• To enable the api access log, add the variable to the inventory and flag as true:
[all:vars:]
admin_password = 'password'

pg_host=''
pg_port=''

GALAXY_ENABLE_API_ACCESS_LOG=true

2.3.6. Setup script flags and extra variables

You can also pass flags and extra variables when running the setup script to install automation controller:

Table 2.10. Flags

ArgumentDescription

-h

Show this help message and exit

-i INVENTORY_FILE

Path to Ansible inventory file (default: inventory)

-e EXTRA_VARS

Set additional Ansible variables as key=value or YAML/JSON

-b

Perform a database backup in lieu of installing

-r

Perform a database restore in lieu of installing

-k

Generate and dsitribute a SECRET_KEY

Use the -- separator to add any Ansible arguments you wish to apply. For example: ./setup.sh -i my_awesome_inventory.yml -e matburt_is_country_gold=True — -K.

Note
  • When passing -r to perform a database restore default restore path is used unless EXTRA_VARS are provided with a non-default path. See the example below that passed an EXTRA_VAR specifying the restore path:

    ./setup.sh -e 'restore_backup_file=/path/to/nondefault/location' -r
  • You can force an online installation by passing -e bundle_install=false:

    $ ./setup.sh -e bundle_install=false

Table 2.11. Extra variables

VariableDescriptionDefault

upgrade_ansible_with_tower

When installing automation controller make sure Ansible is also up to date

False

create_preload_data

When installing Tower also create the Demo Org, project, credential, Job Template, etc.

True

bundle_install_folder

When installing from a bundle where to put the bundled repos

var/lib/tower-bundle

nginx_disable_https

Disable HTTPS traffic through nginx, this is useful if offloading HTTPS to a load balancer

False

nginx_disable_hsts

Disable HSTS web-security policy mechanism

False

nginx_http_port

Port to configure nginx to listen to for HTTP

80

nginx_https_port

Port to configure nginx to listen to for HTTPS

443

backup_dir

A temp location to use when backing up

/var/backups/tower/

restore_backup_file

Specify an alternative backup file to restore from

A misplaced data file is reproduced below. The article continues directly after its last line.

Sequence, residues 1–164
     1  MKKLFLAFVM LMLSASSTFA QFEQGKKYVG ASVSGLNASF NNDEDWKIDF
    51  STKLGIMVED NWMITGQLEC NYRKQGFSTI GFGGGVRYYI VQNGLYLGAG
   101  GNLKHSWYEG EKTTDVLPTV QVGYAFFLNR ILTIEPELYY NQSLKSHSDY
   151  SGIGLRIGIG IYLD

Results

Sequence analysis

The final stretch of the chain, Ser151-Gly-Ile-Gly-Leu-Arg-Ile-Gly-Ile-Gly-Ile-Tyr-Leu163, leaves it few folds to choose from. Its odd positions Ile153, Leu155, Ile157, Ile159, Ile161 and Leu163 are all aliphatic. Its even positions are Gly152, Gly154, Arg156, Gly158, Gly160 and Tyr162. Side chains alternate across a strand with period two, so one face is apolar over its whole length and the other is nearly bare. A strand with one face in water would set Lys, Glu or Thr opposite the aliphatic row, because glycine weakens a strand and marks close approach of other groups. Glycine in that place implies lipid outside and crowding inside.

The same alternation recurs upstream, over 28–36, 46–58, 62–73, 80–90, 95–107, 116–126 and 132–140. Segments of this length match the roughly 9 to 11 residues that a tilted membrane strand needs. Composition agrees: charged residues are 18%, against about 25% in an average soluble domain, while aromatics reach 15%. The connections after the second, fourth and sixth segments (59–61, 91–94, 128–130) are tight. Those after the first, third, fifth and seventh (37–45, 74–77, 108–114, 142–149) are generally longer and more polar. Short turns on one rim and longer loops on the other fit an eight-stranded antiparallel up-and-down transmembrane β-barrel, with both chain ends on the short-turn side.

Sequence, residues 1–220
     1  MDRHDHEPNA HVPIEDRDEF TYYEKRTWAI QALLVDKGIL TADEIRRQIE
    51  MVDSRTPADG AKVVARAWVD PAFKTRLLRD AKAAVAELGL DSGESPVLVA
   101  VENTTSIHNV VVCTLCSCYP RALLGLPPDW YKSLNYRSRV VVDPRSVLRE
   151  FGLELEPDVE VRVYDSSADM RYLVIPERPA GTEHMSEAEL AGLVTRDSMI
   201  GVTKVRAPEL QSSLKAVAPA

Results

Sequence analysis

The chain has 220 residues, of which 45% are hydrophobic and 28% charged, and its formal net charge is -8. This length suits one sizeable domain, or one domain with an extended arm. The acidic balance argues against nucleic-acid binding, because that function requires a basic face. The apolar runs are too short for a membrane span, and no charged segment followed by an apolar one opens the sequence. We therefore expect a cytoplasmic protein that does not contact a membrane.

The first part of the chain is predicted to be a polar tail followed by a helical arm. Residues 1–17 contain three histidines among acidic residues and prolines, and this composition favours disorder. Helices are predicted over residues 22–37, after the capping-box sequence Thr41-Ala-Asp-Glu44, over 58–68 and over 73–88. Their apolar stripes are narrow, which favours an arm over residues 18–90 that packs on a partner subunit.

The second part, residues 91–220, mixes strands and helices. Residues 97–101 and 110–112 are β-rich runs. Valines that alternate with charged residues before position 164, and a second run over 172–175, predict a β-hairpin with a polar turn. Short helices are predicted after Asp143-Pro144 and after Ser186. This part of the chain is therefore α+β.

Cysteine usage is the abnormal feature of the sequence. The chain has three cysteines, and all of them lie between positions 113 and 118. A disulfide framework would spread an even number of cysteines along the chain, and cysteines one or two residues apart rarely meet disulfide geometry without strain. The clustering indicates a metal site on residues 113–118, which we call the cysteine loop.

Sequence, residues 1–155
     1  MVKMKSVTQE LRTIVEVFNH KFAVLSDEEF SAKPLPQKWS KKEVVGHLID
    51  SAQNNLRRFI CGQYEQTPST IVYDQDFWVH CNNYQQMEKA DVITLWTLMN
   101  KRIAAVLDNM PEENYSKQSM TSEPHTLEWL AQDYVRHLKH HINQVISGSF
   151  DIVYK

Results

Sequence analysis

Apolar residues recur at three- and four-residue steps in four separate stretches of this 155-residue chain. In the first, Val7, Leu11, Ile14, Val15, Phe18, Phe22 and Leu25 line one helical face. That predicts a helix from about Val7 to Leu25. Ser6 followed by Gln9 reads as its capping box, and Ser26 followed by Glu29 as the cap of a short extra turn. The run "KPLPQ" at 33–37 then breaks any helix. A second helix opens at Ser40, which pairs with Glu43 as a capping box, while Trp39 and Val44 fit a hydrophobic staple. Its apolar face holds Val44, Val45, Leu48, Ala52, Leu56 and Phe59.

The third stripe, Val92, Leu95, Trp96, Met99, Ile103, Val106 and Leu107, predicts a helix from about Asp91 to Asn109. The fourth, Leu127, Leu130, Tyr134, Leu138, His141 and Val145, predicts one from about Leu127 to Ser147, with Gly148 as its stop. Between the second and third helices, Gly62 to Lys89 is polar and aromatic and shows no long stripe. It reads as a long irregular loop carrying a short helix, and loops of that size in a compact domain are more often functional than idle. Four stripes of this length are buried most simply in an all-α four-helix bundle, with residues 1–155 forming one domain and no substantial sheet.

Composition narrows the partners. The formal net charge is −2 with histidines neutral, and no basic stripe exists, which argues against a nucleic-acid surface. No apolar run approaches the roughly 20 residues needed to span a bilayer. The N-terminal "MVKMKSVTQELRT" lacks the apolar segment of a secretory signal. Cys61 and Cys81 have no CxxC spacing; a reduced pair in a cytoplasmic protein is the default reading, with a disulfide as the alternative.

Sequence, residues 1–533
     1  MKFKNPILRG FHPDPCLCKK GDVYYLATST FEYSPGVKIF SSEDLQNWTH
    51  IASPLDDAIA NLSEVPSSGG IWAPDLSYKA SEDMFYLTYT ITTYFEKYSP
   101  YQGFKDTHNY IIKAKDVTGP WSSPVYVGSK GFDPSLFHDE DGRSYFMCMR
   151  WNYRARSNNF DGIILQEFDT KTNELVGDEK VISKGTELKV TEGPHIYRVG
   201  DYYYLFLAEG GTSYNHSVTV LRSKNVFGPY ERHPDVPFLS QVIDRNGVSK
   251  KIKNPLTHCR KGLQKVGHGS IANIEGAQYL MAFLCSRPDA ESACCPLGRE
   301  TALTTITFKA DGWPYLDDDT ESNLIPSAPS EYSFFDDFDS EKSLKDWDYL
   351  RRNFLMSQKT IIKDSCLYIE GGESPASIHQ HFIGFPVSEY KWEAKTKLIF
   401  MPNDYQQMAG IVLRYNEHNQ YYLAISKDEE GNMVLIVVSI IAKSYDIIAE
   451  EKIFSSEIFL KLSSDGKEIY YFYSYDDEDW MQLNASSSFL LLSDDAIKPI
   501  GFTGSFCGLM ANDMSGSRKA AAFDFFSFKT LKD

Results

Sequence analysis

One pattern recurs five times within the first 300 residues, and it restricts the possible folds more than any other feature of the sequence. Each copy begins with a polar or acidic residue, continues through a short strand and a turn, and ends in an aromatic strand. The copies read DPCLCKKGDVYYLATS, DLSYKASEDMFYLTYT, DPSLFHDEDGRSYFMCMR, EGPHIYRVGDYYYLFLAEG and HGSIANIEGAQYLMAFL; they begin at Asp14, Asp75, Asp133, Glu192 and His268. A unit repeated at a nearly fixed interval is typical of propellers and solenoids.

None

required_ram

The minimum RAM required to install Tower (should only be changed for test installation)

3750

min_open_fds

The minimum open file descriptions (should only be changed for test installations)

None

ignore_preflight_errors

Ignore preflight checks, useful when installing into a template or other non-system image (overrides required_ram and min_open_fds)

False

Examples

  • To upgrade core:
./setup.sh -e upgrade_ansible_with_tower=1
  • To disable https handling at nginx:
./setup.sh -e nginx_disable_https=true
  • To specify a non-default path when restoring from a backup file:
./setup.sh -e 'restore_backup_file=/path/to/nondefault/location' -r

2.3.7. Running the Red Hat Ansible Automation Platform installer setup script

You can run the setup script once you finish updating the inventory file with required parameters for installing your Private Automation Hub.

Procedure

  1. Run the setup.sh script

    $ ./setup.sh

The installation will begin.

2.3.8. Verifying automation hub installation

Once the installation completes, you can verify your automation hub has been installed successfully by logging in with the admin credentials you inserted into the inventory file.

Procedure

  1. Navigate to the IP address specified for the automation hub node in the inventory file.
  2. Log in with the Admin credentials you set in the inventory file.
Important

If the installation fails and you are a customer who has purchased a valid license for Red Hat Ansible Automation Platform, please contact Ansible via the Red Hat Customer portal at https://access.redhat.com/.

Upon a successful login to automation hub, your installation of Red Hat Ansible Automation Platform 2.1 is now complete.